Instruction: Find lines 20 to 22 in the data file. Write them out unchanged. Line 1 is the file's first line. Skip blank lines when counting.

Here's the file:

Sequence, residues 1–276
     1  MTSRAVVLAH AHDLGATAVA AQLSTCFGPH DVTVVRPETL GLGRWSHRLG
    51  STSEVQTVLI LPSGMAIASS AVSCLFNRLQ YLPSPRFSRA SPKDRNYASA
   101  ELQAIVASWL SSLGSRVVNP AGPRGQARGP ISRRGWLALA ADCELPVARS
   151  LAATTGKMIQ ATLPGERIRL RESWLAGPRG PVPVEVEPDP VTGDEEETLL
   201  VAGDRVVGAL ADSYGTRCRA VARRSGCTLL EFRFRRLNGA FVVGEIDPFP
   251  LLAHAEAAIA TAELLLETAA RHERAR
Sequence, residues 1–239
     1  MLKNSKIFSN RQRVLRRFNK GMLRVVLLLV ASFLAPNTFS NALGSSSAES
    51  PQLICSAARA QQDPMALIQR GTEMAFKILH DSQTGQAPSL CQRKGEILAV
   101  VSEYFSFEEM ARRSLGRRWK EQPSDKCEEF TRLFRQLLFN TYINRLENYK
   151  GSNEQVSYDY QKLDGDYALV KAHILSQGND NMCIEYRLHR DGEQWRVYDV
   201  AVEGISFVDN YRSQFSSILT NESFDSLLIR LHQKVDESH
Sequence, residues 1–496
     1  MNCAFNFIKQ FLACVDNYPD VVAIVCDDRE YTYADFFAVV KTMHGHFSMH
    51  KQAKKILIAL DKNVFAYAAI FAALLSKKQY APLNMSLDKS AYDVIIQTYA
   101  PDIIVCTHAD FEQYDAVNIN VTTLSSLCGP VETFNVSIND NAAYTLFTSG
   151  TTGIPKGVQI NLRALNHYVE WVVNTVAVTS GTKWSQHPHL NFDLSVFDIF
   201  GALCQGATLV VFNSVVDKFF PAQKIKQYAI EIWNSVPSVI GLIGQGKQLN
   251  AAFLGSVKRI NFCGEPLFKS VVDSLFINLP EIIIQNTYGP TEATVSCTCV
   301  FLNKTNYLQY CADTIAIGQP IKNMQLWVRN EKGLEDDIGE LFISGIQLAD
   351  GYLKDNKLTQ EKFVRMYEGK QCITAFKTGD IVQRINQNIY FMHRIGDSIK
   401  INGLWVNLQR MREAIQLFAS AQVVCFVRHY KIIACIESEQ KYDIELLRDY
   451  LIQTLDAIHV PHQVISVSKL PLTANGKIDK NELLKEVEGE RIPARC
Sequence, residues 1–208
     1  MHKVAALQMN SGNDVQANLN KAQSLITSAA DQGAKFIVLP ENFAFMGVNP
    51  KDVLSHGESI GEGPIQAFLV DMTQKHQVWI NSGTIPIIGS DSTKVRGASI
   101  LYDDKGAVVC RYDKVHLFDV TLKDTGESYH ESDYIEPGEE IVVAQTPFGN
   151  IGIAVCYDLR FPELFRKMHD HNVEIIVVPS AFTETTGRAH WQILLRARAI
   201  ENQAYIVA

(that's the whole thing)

   251  AAFLGSVKRI NFCGEPLFKS VVDSLFINLP EIIIQNTYGP TEATVSCTCV
   301  FLNKTNYLQY CADTIAIGQP IKNMQLWVRN EKGLEDDIGE LFISGIQLAD
   351  GYLKDNKLTQ EKFVRMYEGK QCITAFKTGD IVQRINQNIY FMHRIGDSIK